Lecturer of Philosophy
Alexandra (Alex) Johnson is a recent graduate of the Graduate Center, CUNY with a M.A. in Women’s and Gender Studies, and currently works as an adjunct professor of Philosophy at SUNY Purchase. She also holds a B.A. in Philosophy from SUNY Purchase, as well as a B.A. in Media and Communication from the University of Southern Maine.
More About Me
Alex works as a part of many feminist spaces including as an office assistant for the National Women’s Studies Association, and as a part of the editorial team for Women’s Studies Quarterly and Feminist Anthropology. Alex is also a co-chair for the Pop Culture Interest group at the NWSA, an inaugural member of the Feminist Press’ Young Feminist Leadership Council, and she runs the annual 16 Stories campaign that features feminist activism.
Alex has a background in media theory and feminist philosophy and works on the analysis of gender and sexuality representation in popular fiction. Her academic aims are to bring feminist philosophy and media/literary theory together in a way that critiques the impact that fictional narratives have on our social and cultural experience. She obtained a BA in Media and Communication from University of Southern Maine, a BA in Philosophy from Purchase College, and an MA in Women and Gender Studies from the CUNY Graduate Center.
Crafting Representation: Deploying Racecrafting Techniques to Critique Gender- and Sexuality-Swapping in HBO’s Lovecraft Country – forthcoming 2022 in Studies of the Fantastic
- This article engages with feminist and queer theory to understand the failures that came with the swapping of gender and sexuality in the adaptation of Lovecraft Country from page to screen, even amongst the success of the show. Specifically, this article engages with Fields and Fields conceptualization of ‘racecraft’ to identify similar terrain in gender and sexuality.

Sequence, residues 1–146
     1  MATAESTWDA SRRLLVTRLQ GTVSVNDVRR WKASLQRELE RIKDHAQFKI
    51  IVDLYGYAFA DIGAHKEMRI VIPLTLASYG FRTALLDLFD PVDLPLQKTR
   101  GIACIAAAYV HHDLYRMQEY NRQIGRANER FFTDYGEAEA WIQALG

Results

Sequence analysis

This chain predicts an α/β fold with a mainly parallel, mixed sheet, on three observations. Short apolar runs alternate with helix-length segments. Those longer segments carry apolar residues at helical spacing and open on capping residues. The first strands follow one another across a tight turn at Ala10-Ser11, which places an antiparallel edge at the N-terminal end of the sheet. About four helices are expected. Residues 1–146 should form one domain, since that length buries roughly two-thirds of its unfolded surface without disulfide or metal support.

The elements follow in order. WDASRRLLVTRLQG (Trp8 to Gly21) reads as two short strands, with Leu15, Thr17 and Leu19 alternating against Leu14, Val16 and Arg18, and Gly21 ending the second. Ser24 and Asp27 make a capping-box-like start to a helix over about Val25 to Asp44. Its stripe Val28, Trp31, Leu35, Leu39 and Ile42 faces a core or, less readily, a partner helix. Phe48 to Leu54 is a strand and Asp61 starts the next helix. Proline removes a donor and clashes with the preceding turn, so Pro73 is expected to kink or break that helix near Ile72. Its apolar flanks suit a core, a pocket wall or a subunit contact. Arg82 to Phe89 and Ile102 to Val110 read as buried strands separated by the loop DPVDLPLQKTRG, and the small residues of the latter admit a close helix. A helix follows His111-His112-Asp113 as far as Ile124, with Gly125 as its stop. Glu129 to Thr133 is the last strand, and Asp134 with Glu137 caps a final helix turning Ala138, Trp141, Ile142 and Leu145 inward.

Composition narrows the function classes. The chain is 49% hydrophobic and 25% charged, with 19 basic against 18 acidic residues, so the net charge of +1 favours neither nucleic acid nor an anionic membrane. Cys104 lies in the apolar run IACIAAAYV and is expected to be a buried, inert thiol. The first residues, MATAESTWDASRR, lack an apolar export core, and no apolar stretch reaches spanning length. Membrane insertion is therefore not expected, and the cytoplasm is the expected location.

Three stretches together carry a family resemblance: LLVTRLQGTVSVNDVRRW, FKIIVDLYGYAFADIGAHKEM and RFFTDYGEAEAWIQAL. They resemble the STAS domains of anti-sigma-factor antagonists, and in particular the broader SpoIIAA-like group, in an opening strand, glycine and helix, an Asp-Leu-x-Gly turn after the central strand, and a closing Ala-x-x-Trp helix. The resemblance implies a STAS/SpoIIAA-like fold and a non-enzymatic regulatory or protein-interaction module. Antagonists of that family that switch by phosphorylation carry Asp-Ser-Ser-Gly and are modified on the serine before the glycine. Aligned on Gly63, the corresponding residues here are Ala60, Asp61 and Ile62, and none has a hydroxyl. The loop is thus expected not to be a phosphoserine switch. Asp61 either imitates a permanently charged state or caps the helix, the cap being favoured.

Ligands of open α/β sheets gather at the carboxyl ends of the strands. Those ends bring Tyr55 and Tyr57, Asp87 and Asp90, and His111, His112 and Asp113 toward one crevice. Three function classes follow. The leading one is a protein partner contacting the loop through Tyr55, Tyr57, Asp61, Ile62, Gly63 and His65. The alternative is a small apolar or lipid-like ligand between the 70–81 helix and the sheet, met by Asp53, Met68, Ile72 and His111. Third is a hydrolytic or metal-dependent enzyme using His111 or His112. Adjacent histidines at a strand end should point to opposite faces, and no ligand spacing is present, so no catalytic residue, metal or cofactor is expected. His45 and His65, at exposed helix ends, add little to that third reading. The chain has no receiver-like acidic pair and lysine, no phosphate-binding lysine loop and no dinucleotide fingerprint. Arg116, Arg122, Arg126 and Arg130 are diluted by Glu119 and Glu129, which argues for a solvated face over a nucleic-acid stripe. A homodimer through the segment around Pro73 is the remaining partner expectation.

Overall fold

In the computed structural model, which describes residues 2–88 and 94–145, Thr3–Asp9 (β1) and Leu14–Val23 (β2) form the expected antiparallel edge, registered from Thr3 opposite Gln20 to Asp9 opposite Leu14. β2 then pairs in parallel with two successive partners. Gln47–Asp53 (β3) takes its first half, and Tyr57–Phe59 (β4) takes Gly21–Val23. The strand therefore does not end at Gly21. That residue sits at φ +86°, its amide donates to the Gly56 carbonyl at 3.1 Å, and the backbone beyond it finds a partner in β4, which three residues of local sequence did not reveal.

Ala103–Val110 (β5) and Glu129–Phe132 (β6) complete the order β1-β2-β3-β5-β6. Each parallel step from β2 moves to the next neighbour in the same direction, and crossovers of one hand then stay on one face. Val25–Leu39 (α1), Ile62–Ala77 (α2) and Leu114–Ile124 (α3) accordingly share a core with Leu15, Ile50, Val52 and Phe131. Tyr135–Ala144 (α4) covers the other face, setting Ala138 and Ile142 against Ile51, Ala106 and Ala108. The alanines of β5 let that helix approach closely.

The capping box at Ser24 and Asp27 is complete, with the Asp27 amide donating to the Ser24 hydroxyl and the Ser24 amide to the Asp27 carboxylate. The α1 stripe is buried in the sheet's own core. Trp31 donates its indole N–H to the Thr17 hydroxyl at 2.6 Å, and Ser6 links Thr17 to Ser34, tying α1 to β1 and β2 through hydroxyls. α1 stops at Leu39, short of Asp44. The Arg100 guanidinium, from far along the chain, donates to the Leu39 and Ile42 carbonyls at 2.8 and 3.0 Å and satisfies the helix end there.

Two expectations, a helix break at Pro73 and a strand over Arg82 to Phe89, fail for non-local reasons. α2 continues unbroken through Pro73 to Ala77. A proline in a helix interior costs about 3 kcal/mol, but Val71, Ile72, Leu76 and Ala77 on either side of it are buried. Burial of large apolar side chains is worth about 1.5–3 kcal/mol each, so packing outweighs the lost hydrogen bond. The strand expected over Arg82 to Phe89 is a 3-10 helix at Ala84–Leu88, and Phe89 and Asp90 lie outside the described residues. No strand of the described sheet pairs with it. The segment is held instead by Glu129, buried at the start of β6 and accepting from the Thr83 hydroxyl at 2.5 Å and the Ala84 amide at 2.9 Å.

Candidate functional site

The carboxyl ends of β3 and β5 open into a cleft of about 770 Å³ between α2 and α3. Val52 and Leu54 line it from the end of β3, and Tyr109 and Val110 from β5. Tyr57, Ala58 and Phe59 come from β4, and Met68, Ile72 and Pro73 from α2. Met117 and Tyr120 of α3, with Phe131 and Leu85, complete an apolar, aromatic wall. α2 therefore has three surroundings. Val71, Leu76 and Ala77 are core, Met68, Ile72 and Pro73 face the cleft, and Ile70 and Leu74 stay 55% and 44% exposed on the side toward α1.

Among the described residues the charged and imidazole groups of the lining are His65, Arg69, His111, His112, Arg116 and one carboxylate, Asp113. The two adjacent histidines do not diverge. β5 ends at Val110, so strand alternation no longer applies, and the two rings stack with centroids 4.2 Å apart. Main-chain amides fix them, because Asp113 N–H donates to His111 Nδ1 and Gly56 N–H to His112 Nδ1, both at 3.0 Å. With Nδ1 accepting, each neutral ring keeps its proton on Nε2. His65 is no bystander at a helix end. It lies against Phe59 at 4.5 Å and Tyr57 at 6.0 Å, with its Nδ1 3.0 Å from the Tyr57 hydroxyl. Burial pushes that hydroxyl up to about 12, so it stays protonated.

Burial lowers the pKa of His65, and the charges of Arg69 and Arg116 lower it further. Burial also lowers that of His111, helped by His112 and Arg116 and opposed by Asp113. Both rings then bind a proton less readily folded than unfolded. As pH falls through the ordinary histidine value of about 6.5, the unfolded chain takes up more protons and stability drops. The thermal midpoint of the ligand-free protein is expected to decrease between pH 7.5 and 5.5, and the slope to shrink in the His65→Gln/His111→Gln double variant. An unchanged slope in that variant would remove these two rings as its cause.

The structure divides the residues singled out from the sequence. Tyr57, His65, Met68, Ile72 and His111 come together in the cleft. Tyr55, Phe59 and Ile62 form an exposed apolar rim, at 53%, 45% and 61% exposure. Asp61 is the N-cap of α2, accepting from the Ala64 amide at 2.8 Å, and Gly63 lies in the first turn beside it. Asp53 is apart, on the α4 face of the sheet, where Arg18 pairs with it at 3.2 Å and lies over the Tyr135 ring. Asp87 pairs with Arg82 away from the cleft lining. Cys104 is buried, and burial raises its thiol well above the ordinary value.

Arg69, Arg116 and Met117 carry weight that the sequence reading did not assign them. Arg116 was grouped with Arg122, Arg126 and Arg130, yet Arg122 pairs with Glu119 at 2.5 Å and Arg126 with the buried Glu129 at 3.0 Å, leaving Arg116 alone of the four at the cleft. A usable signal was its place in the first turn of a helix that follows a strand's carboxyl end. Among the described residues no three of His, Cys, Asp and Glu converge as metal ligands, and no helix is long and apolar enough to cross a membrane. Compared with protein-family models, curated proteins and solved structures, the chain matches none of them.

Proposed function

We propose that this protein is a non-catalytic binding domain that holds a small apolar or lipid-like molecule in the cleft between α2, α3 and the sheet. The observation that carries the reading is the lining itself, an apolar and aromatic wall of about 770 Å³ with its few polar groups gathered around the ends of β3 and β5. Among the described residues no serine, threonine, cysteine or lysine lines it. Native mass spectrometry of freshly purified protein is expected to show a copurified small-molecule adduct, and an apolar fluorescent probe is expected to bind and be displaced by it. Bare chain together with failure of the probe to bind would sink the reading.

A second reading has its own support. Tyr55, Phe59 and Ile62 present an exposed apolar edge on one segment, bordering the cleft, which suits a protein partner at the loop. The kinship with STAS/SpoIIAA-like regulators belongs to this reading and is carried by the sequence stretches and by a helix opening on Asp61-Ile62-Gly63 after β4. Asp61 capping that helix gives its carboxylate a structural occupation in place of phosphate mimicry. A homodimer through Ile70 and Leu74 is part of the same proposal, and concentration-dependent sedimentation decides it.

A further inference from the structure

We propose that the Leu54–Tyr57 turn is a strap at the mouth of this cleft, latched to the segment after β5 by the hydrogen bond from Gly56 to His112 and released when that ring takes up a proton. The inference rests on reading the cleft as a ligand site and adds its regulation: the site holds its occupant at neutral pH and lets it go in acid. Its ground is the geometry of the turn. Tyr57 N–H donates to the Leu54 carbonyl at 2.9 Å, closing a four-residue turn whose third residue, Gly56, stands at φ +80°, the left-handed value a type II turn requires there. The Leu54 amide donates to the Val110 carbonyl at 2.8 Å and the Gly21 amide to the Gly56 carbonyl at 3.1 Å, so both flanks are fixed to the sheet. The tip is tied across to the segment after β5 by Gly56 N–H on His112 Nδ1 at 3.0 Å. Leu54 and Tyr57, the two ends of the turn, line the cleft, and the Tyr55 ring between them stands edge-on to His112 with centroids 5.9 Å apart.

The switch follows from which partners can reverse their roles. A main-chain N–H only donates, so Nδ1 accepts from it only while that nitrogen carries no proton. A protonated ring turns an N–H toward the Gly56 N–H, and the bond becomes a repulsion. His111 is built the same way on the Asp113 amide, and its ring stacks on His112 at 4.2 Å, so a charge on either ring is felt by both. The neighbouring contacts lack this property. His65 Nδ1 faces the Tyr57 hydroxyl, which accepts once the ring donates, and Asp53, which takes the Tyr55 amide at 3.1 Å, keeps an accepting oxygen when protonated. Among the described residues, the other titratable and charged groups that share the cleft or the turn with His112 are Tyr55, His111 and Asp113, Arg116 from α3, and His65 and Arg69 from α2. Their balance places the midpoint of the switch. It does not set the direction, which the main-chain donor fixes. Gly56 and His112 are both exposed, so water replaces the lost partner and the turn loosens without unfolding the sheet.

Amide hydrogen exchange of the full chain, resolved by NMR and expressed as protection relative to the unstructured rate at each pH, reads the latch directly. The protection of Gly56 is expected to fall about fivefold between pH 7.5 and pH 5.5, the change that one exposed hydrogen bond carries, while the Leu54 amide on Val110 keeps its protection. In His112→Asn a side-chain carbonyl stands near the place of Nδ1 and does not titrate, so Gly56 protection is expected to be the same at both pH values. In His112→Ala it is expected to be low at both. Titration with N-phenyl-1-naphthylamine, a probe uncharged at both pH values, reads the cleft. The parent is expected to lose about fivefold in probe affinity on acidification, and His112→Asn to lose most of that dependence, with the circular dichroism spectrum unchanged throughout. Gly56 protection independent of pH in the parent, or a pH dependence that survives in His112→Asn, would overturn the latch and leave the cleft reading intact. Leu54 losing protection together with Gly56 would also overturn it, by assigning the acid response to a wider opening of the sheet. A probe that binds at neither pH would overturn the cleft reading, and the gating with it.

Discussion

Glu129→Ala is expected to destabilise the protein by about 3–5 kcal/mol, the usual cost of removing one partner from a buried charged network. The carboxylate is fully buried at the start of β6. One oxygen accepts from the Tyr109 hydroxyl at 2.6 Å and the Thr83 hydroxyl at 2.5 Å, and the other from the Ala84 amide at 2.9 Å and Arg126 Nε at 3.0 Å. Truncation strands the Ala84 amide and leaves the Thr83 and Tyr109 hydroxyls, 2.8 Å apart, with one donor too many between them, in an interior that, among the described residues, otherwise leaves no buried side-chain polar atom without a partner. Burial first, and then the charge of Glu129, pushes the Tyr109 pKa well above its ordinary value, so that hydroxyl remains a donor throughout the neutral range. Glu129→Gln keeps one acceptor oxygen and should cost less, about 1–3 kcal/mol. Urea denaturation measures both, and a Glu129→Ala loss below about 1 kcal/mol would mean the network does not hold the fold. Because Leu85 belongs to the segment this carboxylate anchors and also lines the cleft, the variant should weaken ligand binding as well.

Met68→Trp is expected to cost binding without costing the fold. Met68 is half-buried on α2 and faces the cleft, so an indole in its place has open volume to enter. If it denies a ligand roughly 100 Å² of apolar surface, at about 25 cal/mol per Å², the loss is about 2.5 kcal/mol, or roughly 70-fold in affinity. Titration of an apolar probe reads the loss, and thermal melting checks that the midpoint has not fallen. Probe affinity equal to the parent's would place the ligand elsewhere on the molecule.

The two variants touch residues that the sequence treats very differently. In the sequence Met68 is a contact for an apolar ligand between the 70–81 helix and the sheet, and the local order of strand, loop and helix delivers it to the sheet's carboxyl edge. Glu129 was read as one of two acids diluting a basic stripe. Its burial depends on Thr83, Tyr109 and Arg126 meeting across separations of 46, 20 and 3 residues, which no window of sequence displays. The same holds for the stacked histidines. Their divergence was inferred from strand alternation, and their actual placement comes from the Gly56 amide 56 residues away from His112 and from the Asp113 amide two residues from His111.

Narcissistic Fathers and Powered Daughters – forthcoming 2022 in Kinship in the Fiction of N.K. Jemisin: Relations of Power and Resistance
- This chapter is a deep-dive into kinship and the links between the patriarchal figure, the patriarchy system, and the agency of daughters within that system, and how narcissism plays into the roles of family by looking at the ways that the father/daughter relationship plays out in N. K. Jemisin’s Broken Earth trilogy.
Generative Disruption and Queer Sharing: Accessibility and Community in Graduate Learning during COVID-19 – forthcoming 2022 in Queering Sharing: Toward the Redistribution of Resources around the University
- This chapter traces a graduate research project at the start of the COVID-19 pandemic and the ways that graduate learning was productively changed during the pandemic, and pedagogical lessons that can be learned from the pandemic.